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and cream are treated in the same careful manner as the preceding topics, and one can not but wish that the volume would be in the hands of every dairyman in this country.

An Elementary Manual of Chemistry. By F. H. Storer, Professor of Agricultural Chemistry in Harvard University, and W. B. Lindsay, Professor of General and Analytical Chemistry in Dickinson College. New York: American Book Company. Price, $1.20.

The authors state in the preface that this work is the lineal descendant of the Manual of Inorganic Chemistry of Eliot and Storer, and a thorough revision of Eliot, Storer, and Nichols's Elementary Manual of Chemistry. These works have been so well and favorably known that it is scarcely necessary to commend the present volume for the comprehensive and intelligent manner in which the subject is presented.

The experimental and inductive methods are employed to acquaint the student with the main facts and principles of the science, and by such discipline the observing faculties are developed. As a rule, the experiments mentioned are of a simple character, and the directions are so explicit that a novice in chemistry may repeat them before a class. The work is an excellent one for the purposes intended.

Eskimo Life. By Fridtjof Nansen. London and New York: Longmans, Green & Co. Pp. 350. Price, $4.

It is for the most part with genial humor, but now and then in sadness and indignation, that Dr. Nansen describes the life of these hardy children of the North. His knowledge of them was gained mostly in one winter, during which, he says, "I dwelt in their huts, took part in their hunting, and tried, as well as I could, to live their life and learn their language." Their daily life is presented with much fullness of detail; their appearance and dress, their houses for winter and tents for summer, their cookery and what they regard as delicacies, their woman-boats, excursions, etc., receiving due attention. A chapter is given to a careful description, with measurements, of that wonderful boat, the kaiak, and the weapons and implements that constitute its outfit, which is followed by a vivid story of a day's hunting in these boats. Some less familiar sides of Eskimo life are presented in the chapter on art, music, and poetry, and in that on the drum dances, which served both as judicial proceedings and as entertainments. Nearly a hundred pages are devoted to religious ideas, in which some curious bits of mythology and folklore are presented. Dr. Nansen represents the character of the Eskimo as gentle and patient. It is seldom that an Eskimo does anything that his own race deems wrong, crimes of violence being especially rare. Some things, however, that he does, deeming them proper, come into our category of immoralities. In his closing chapters on The Introduction of Christianity, Europeans and Natives, What have we achieved? and his Conclusion, Dr. Nansen laments the enervating influence of the civilization that Europeans have inflicted upon the Eskimos. The introduction of firearms has led them to exterminate or scare away their game. The imposition of religious commands and civil laws in a mass too great to be assimilated has driven out the old restraints and obligations and caused the victims of the process to fall between two stools. The ability to read and write has been gained at the expense of diminished skill in the kaiak, so that deaths from drowning have largely increased. A long catalogue of this sort could be gleaned from Nansen's pages, and he does not hesitate to urge that his countrymen should entirely withdraw from Greenland. The text is well illustrated with plates and small cuts.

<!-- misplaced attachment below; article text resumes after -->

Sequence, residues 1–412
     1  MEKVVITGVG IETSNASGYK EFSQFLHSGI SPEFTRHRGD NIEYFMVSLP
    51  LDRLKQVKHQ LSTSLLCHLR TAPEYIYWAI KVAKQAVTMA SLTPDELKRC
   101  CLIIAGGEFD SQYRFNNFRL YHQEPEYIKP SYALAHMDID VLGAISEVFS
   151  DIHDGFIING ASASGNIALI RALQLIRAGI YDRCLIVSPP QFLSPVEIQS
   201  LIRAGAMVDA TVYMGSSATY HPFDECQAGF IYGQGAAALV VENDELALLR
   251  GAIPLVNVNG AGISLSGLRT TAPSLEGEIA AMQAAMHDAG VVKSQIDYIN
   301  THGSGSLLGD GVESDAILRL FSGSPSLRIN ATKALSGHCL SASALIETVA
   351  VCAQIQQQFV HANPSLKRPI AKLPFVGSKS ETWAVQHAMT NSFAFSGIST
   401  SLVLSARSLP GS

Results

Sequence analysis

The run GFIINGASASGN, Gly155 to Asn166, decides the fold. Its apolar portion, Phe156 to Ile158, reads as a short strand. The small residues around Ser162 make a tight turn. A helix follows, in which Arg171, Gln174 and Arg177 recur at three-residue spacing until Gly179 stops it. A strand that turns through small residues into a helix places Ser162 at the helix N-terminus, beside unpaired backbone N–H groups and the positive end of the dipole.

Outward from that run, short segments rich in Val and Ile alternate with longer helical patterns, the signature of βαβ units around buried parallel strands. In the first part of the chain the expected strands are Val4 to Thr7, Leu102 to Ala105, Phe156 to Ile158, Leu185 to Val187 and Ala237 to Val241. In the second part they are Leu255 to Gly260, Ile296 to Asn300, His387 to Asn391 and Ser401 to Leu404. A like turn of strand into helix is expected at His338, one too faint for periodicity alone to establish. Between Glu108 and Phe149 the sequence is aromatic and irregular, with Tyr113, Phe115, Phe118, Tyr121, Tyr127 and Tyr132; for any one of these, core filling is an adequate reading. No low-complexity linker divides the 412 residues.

The Penokee Iron-bearing Series of Michigan and Wisconsin. By Roland Duer Irving and Charles Richard Van Hise. (Monographs of the United States Geological Survey.) Washington: Government Printing Office. Pp. 634, with Plates.

This report was designed by Prof. Irving to be the first of a series which should treat each of the important iron-producing districts adjacent to Lake Superior. For a time, in 1885 and 1886, Prof. Irving accompanied the surveying party in person, Mr. Van Hise gave the seasons of 1884, 1885, and the larger part of the following year to the work. When the survey began, the district was one which explorers had but fairly